At the Armenian Coding Academy in Yerevan, Armenia, students study to become the next generation of the country's tech professionals.

At the Armenian Coding Academy in Yerevan, Armenia, students study to become the next generation of the country's tech professionals. Since Russia invaded Ukraine last year, thousands of young Russians have relocated to Armenia causing the number of tech workers in the country to nearly double.


Levi Bridges/The World

For years, members of the Armenian diaspora abroad have launched tech companies in Armenia with the support of venture capital from places like California, with large Armenian communities. 

“I'm quite sure that if the Armenian diaspora in the United States weren’t located in California and Bay Area, and instead was mostly in Arizona, then maybe some of the Armenian startups wouldn’t have been created at all,” Aslikyan said.

Now, Russians coming from abroad are rapidly expanding tech’s footprint in Armenia even more. 

Aslikyan sees this moment as a key opportunity for Armenia. He believes the presence of more Russian tech workers is spurring Armenia’s tech industry to become more global as these two groups of workers — Armenian and Russian — have to find a common language: English. 

“It's an opportunity for both Armenian companies and also for the Russian companies relocating here to insist to their employees to learn English,” Aslikyan said.

Since the war started, Russians have registered thousands of new businesses in Armenia – most of them in the tech field – and the economy has grown three times as fast as it was a year ago, according to Vahan Kerobyan, Armenia’s economy minister.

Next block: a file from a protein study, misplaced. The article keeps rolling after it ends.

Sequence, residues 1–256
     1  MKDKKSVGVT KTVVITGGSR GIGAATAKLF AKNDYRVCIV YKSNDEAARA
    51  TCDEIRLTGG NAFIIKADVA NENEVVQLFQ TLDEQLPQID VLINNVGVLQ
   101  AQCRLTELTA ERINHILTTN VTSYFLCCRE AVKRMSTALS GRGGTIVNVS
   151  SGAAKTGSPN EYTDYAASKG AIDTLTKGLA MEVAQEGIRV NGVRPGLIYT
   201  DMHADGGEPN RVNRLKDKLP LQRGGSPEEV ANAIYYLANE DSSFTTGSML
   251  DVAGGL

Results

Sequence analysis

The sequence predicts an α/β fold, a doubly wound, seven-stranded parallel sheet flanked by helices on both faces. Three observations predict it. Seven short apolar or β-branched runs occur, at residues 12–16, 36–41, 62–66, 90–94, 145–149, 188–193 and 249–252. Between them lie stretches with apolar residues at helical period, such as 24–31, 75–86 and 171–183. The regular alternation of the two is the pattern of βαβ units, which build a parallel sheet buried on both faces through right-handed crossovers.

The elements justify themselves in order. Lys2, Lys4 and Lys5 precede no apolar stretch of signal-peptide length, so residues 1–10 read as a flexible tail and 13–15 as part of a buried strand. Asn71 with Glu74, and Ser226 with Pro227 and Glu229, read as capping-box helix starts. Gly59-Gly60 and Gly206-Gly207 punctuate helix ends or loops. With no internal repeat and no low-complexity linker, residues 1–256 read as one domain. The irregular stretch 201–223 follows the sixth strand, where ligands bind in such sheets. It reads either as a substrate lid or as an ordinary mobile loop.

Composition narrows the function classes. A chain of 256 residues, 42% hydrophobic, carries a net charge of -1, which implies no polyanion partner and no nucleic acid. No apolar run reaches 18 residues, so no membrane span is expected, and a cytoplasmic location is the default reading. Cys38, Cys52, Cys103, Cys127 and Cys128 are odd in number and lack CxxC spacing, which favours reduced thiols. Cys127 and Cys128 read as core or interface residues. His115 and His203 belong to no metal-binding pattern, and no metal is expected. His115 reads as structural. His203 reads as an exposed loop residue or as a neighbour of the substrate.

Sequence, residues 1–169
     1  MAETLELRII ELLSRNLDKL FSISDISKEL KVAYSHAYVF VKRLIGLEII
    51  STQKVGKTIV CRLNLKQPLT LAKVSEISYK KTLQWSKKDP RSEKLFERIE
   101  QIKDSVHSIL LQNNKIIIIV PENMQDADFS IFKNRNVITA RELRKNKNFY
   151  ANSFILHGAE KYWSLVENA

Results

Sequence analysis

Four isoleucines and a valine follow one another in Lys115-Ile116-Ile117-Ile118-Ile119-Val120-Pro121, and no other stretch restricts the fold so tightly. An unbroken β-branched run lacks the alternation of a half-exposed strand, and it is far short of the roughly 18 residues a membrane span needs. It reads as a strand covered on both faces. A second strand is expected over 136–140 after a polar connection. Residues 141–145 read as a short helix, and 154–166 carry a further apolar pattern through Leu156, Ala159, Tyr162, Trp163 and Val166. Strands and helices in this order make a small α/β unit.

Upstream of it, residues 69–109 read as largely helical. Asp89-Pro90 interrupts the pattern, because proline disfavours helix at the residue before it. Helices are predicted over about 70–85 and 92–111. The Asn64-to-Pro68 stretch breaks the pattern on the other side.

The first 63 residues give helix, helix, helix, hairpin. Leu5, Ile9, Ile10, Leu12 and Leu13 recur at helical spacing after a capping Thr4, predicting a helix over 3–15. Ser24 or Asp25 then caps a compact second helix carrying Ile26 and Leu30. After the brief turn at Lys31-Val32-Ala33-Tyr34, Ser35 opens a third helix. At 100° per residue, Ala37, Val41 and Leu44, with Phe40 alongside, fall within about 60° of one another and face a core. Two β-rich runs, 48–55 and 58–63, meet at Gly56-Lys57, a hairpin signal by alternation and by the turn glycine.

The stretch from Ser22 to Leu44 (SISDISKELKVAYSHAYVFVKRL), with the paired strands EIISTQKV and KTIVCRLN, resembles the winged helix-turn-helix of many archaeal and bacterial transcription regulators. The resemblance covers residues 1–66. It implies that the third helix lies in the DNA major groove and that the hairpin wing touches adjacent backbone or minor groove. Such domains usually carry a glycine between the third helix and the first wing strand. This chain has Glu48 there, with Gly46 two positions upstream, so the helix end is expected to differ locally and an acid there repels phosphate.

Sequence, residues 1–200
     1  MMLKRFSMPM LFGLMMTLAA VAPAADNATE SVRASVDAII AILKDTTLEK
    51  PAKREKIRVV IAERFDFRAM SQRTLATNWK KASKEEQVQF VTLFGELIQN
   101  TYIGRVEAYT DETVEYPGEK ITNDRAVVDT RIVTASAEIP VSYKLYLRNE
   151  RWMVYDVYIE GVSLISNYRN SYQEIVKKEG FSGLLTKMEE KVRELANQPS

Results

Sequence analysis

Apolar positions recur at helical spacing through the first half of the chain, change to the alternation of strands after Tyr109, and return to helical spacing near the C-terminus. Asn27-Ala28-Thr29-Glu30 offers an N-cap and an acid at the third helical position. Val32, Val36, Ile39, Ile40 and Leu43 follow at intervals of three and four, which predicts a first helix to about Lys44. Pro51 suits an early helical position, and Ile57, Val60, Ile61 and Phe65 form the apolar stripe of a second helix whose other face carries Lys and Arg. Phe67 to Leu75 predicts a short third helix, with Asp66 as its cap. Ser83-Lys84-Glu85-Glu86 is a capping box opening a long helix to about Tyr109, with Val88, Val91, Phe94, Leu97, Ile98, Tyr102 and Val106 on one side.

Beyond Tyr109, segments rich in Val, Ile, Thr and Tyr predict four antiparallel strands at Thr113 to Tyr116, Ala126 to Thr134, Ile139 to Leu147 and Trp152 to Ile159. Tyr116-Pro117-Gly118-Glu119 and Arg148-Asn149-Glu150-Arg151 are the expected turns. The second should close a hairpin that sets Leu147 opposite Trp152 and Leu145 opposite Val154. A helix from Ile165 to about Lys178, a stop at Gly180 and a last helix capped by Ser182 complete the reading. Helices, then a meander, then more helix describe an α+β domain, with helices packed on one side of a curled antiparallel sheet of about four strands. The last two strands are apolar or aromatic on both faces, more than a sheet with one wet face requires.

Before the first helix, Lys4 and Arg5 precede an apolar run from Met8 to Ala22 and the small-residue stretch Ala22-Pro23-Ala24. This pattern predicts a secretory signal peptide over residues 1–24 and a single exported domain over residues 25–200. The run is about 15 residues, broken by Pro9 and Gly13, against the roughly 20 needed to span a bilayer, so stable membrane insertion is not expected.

Although Russian migrants have helped drive a significant amount of the growth, Kerobyan also credits other factors like increased Russian tourism in Armenia and trade with Russia. 

“Many international companies left Russia, and Armenian goods now have less competition in Russia, so our exports to Russia skyrocketed,” Kerobyan said. 

Kerobyan also credited government programs and a general trend with economies accelerating worldwide as they recover from the COVID-19 pandemic as part of Armenia’s rapid economic growth. 

But tech remains a key part of Armenia’s economic strategy, with the war helping those efforts. Russia’s economy has grown more isolated since it invaded Ukraine, but Armenia’s is getting more competitive. 

Kerobyan said that Armenian and Russian tech companies that relocated to cities like Yerevan are competing for local talent, which is good for business.

“We will have much more competitive, locally born companies that can be more successful in the international market,” Kerobyan said.

But some Russian tech workers in Yerevan are more skeptical about the future of the tech industry in Armenia.

“It's very possible that the Russian government will push IT companies to stop working remotely [in Armenia] or create big taxes to make it more difficult,” said a Russian tech worker in Yerevan named Andrey who didn’t give his last name due to fear of retaliation. 

Some Russian lawmakers have proposed harsh measures like seizing property from Russians who left the country to coerce them to return home and stop the brain drain. 

But those threats aren’t diminishing the optimism that Armenians feel right now about the future of tech in their country. 

And if the trend continues, more Armenians might be able to stay and work at home alongside their new Russian neighbors.

Sign up for our daily newsletter

Sign up for The Top of the World, delivered to your inbox every weekday morning.